Yesterday I picked for supper salad potatoes ‘Charlotte’ planted for their flavour and waxy yellow flesh, broad beans which I double podded for their bright green interiors and small courgettes which I griddled. This is my favourite courgette recipe you simply slice them thinly lengthways (the thickness of a pound coin) brush with olive oil then griddle to get the cross hatching colour and flavour. Sprinkle with sea salt and lemon juice and add chopped herbs-parsley was all I had in the garden here- and it was really delicious.
This week the flowers in a simple glass jar are white cosmos with the green flowers of Alchemilla mollis.
In a neighbour’s garden a winding path takes you through two generous sized borders each measuring about 2.5 metres on either side of the pathway. These large beds allow for a rich variety of plants some of which started flowering in May and now eight weeks on they are full to bursting with shoulder-high perennials and shrubs in full bloom. Planting this intensely provides an abundance of flowers and yet manages to look totally natural. Billowing clumps of fennel mingle with roses and are punctuated with the vivid purple flowers of Salvia guaranitica …
A lovely collection of herbs such as this Origanum golden marjoram with its aromatic leaves edge the path scenting the air as you walk past.
On the allotment the onions and garlic have been lifted to dry in the sun and the beds are now forked over and raked flat. This week I’ll sow more seeds of parsley, rocket, dwarf green kale, beetroot and lettuce. Because of the gorgeous weather I have kept up rather well with weeding and provided I keep up with watering the allotment is within my control and looking abundant at the moment. The leaves on the new potatoes disappeared completely six weeks ago but I forked up a good crop of ‘Charlotte’ 1st earlies that were sitting deep in the soil and in perfect health.
I love this marigold which I’ve saved seeds from two years running. They were sown in April next to the broad beans and have been flowering for six weeks. They’ll be allowed to run to seed again and in October the seed heads will be collected and saved for next year-very satisfying.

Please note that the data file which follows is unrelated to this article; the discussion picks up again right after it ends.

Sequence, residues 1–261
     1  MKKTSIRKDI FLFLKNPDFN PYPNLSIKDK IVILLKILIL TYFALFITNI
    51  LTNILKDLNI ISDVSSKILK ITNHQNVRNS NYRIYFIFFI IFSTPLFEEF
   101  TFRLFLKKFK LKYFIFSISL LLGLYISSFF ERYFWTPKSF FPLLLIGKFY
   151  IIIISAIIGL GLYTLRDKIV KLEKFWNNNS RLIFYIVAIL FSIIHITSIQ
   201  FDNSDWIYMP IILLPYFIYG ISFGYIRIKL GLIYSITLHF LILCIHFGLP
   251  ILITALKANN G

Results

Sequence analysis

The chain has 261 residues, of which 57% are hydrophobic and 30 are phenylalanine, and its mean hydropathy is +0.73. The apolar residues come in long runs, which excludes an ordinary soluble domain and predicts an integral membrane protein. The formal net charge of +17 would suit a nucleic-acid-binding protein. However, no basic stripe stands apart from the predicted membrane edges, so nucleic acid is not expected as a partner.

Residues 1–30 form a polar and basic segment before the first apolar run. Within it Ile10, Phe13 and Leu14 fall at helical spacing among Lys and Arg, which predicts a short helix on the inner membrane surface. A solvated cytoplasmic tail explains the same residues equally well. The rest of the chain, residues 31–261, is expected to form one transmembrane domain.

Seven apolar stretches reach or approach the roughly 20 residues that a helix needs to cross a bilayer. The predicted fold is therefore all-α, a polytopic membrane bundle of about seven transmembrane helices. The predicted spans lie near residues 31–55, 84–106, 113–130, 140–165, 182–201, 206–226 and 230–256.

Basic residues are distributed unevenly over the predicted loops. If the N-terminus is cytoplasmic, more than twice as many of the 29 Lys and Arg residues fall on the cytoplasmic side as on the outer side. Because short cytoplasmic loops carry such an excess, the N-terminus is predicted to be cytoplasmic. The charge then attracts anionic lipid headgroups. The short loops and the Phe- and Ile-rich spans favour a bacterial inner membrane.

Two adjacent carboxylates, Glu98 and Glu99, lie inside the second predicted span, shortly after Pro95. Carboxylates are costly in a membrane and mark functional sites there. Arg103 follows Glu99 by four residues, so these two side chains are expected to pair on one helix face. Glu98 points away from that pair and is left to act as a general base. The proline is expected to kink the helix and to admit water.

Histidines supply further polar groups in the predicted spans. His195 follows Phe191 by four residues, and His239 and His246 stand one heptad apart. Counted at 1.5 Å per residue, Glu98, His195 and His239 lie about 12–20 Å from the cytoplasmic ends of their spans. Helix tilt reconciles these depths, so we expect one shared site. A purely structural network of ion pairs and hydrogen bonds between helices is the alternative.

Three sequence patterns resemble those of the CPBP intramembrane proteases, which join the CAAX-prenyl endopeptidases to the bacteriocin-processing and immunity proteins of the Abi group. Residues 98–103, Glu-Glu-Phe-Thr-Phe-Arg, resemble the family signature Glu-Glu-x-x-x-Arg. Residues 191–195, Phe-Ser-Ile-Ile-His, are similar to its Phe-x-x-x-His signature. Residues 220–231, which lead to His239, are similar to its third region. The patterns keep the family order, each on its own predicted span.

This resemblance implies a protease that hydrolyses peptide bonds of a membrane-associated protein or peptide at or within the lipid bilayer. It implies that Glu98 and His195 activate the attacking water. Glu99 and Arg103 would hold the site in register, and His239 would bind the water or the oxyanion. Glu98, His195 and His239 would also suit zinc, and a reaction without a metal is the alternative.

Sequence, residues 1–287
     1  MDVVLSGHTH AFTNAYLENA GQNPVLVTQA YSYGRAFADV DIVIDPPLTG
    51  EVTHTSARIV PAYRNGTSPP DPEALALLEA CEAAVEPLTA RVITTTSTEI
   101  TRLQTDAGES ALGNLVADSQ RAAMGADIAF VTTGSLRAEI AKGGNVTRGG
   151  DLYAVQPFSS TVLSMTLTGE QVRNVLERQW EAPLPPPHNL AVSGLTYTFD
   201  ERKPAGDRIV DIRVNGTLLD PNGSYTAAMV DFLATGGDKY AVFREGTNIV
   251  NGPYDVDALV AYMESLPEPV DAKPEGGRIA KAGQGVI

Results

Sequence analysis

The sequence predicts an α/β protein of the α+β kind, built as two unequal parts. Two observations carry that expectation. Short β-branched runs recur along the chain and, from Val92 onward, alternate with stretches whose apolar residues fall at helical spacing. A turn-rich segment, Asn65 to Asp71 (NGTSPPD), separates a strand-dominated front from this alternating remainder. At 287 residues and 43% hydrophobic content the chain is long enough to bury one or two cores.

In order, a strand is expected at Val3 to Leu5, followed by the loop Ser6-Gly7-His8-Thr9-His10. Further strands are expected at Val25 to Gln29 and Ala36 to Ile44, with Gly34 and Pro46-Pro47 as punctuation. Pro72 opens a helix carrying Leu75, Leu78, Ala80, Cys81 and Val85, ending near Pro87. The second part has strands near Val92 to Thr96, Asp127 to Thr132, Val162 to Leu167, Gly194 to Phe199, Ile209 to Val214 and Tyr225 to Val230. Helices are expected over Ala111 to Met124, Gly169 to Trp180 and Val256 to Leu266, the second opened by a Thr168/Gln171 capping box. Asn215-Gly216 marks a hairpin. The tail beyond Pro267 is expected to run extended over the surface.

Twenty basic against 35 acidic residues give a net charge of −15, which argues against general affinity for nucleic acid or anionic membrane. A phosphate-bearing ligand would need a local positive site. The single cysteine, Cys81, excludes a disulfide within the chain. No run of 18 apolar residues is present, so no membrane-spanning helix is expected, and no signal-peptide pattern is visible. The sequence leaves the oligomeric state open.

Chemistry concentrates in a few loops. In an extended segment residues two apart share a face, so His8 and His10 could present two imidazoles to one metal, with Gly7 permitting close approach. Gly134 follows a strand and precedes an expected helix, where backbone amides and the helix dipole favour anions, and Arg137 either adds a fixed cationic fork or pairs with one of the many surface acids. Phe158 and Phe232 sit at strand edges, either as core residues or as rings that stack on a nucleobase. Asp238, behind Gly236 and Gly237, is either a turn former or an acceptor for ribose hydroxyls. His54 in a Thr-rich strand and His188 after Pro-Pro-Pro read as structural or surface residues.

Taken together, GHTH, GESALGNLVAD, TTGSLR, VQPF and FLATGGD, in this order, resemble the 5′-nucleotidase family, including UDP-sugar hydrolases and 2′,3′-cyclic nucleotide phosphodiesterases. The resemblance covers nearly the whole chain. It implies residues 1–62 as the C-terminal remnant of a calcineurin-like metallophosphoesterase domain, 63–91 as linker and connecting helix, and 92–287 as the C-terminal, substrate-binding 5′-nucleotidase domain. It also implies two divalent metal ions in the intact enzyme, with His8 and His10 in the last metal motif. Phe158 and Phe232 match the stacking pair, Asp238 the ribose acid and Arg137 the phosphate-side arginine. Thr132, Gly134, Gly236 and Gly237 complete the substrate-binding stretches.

French apricots are in the shops this month and an apricot and vanilla recipe using 3lbs of fruit made 3 kilner jars of delicious apricot jam. In front is a pot of ‘nearly’ strawberry jam which I whipped up very fast in a saucepan. It has a fresh, intense flavour and keeps in the fridge for five days but can be frozen in small batches to pour over ice-cream. Both recipes come from Diana Henry’s excellent book…
Now is a good time to sow seeds of perennial and biennials to plant out in October ready to flower next spring and early summer. Foxgloves, Canterbury bells, Nigella ‘Love in a Mist’, Hesperis (sweet rocket) and Ammi majus (below) can be sown in trays and then potted on into small pots to build up strong roots before autumn.
On the allotment wallflowers – Fire King chosen for its deep red petals- will be sown over the next week in drills in the cutting bed and thinned.
A row of Lettuce ‘Freckles’ greeted me after five days away…… and the runner beans are flowering and clambering up the supports. There’s been a very steady supply of courgettes from just two plants over the last few weeks. They’ve benefited from a handful of Growmore at the base every now and again so I’m applying the same to the squash plants which are rampaging round the beds.
Wandering round the neighbourhood I spotted this gorgeous container of French lavender. The distressed paint on the bucket reflected both the green-grey of the leaves and the soft mauve of the flowers and all blended in beautifully.